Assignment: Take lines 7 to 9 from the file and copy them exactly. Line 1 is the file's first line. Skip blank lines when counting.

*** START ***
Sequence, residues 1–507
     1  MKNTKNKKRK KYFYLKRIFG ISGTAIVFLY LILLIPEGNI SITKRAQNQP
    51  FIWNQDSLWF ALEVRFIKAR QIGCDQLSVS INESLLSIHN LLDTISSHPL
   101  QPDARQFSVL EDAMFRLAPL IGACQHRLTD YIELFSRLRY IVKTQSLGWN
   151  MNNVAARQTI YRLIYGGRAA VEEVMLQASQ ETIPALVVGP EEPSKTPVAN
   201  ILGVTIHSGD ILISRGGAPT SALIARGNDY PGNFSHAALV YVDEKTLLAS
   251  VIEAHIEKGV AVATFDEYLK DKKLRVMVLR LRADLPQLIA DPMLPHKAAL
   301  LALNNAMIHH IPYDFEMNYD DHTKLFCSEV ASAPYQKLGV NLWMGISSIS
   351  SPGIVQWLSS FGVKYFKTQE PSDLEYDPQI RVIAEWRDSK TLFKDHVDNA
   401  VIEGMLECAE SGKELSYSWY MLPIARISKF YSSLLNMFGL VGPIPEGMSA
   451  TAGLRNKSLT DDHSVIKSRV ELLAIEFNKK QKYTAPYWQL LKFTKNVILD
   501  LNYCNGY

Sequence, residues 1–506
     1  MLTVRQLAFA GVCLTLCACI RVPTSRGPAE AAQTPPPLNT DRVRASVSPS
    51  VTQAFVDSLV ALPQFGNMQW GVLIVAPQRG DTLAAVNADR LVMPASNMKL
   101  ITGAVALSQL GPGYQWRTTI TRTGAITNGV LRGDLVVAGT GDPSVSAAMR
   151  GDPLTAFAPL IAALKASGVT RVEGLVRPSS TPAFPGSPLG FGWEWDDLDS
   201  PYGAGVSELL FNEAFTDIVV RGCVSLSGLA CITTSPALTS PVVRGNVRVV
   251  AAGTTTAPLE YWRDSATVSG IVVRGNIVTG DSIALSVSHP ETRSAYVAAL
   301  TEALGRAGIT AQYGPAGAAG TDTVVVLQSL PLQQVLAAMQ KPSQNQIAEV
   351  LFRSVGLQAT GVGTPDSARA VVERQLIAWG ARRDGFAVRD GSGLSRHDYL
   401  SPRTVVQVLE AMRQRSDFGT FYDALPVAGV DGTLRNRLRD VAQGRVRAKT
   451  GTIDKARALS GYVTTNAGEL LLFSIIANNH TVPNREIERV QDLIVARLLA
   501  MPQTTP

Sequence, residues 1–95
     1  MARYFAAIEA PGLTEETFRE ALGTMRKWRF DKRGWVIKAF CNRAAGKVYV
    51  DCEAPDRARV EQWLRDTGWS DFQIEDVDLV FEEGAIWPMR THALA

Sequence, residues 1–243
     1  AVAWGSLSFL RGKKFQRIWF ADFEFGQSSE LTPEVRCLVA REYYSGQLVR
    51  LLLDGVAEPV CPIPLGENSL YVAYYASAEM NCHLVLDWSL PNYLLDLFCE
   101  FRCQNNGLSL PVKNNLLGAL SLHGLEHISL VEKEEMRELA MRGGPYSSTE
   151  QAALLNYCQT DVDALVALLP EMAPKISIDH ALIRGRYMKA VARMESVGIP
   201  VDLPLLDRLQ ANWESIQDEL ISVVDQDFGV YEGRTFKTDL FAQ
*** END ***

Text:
   251  VIEAHIEKGV AVATFDEYLK DKKLRVMVLR LRADLPQLIA DPMLPHKAAL
   301  LALNNAMIHH IPYDFEMNYD DHTKLFCSEV ASAPYQKLGV NLWMGISSIS
   351  SPGIVQWLSS FGVKYFKTQE PSDLEYDPQI RVIAEWRDSK TLFKDHVDNA